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Tuesday, April 23, 2024

Alaska, the last frontier.

Sure, it sounds like a Star Trek show, but it's actually the state's nickname.

John Baldwin Gourley, singer and guitarist for the band Portugal. The Man, knows firsthand the idiosyncrasies of the second-to-last annexed state.

Although he and the two other permanent members of the band now take up residence in Portland, Ore., Alaska will always have an influence on them.

Gourley grew up all around Alaska, at one point living in a remote cabin in the wilderness with his Iditarod-competing parents.

He recalls the innate smallness of the towns and the fervent divide between conservative and liberal populations, which greatly influenced his music, especially on the band's latest album, "Church Mouth."

The idea for the album title came when Gourley and bassist Zach Carothers, also an Alaskan, were watching a news program denouncing gay marriage.

"It was the most backward and retarded thing I'd ever heard," he said. "I called one of the guys a church mouth, and Zach and I just laughed about it really hard and decided we'd name the album that."

"Church Mouth" gave Gourley the opportunity to get his thoughts out about organized religion, something that haunted him in his youth.

"There's a lot of really heavy, heavy religion," he said. "I was scared growing up, like completely terrified, because of everything I was told."

But not all of Gourley's experiences in his home state were bad.

If it weren't for the band and the constant touring, he would still be there, he said.

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"It's where our families are. It's where we go for Christmas," he said. "It's where we go whenever we're given any amount of time to go back."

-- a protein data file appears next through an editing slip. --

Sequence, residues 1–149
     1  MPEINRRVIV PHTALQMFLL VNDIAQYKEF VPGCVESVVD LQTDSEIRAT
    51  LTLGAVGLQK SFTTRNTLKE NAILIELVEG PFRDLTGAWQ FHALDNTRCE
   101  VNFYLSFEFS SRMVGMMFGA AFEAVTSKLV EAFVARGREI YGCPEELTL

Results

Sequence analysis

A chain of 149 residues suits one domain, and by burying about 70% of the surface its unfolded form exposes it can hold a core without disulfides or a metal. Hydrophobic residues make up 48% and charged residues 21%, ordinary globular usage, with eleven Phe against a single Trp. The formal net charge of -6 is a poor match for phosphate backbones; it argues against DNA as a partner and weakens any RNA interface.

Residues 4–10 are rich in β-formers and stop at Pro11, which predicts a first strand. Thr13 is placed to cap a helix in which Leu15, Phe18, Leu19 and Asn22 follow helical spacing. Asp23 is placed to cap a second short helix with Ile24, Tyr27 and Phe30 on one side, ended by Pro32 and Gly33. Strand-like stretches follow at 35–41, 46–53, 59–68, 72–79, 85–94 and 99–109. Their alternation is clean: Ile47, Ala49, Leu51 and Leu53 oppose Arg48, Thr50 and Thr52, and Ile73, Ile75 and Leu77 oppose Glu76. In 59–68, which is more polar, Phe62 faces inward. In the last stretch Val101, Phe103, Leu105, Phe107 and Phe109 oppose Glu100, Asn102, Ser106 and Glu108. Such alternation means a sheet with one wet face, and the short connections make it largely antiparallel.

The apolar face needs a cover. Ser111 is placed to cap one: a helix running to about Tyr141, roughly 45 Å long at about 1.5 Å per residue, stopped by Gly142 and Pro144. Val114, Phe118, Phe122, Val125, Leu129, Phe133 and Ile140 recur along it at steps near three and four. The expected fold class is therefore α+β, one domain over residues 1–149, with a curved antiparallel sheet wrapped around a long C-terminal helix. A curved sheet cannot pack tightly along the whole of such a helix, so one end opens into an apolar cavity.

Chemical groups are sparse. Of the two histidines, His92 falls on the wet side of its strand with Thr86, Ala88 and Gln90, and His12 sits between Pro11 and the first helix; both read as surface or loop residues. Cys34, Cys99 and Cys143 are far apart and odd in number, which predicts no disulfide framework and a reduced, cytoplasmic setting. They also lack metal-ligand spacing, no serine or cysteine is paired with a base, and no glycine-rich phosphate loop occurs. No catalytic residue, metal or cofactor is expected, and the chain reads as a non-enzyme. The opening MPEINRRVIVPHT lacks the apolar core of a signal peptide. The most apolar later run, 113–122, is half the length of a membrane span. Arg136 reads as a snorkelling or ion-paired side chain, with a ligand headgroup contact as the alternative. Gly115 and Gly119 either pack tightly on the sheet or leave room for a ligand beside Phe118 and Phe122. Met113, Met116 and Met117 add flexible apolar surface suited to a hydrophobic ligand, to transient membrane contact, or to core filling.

For now, Portland is the base of operations for Portugal. The Man, but Gourley isn't comfortable calling it home.

Not having the connection with Portland has had benefits for the band, though. Portugal. The Man isn't associated with any scene or movement, which has allowed more travel, Gourley said.

The band's Alaskan roots and textured yet accessible indie-rock sound allows them to play shows with experimental bands like Man Man and then turn around and play with other bands more suited to all-ages shows, he said.

Such is the case tonight, when Portugal. The Man will support the mellow folk and country stylings of Rocky Votolato at Common Grounds.

Votolato, a Texas native, is touring in support of his new album, "The Brag and the Cuss," which features full-band instrumentation, a departure from his earlier, sparse recordings.

The lyrics are filled with imagery of the old West - trains, smoke and alcohol.

Votolato worked the imagery into his songs to have something from his past that is informing, he said in a telephone interview.

As for the heavy references to alcohol, Votolato said that was mostly unintentional.

"It's more of an existential kind of thing, a kind of focus on death," he said. "And you know, alcohol just kind of goes along with that a lot."

Portugal. The Man and Votolato have been touring together for two weeks.

The differences in the two bands' styles were awkward for the first couple of days, Gourley said.

"I felt like we're the loudest f***ing band of all time," he said. "But the dynamics of the bands works pretty well. Nobody's f***ing bored by the end of the set."

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